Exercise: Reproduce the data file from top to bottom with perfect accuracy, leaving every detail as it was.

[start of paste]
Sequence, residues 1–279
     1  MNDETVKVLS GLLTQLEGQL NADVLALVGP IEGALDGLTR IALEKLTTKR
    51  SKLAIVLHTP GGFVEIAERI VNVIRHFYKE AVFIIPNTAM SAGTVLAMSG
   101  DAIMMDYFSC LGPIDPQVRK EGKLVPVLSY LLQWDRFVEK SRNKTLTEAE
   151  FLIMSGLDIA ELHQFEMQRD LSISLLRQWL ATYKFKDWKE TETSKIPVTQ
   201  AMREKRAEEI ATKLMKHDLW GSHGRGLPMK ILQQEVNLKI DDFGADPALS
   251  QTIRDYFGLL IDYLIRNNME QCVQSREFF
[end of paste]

Sequence, residues 1–279
     1  MNDETVKVLS GLLTQLEGQL NADVLALVGP IEGALDGLTR IALEKLTTKR
    51  SKLAIVLHTP GGFVEIAERI VNVIRHFYKE AVFIIPNTAM SAGTVLAMSG
   101  DAIMMDYFSC LGPIDPQVRK EGKLVPVLSY LLQWDRFVEK SRNKTLTEAE
   151  FLIMSGLDIA ELHQFEMQRD LSISLLRQWL ATYKFKDWKE TETSKIPVTQ
   201  AMREKRAEEI ATKLMKHDLW GSHGRGLPMK ILQQEVNLKI DDFGADPALS
   251  QTIRDYFGLL IDYLIRNNME QCVQSREFF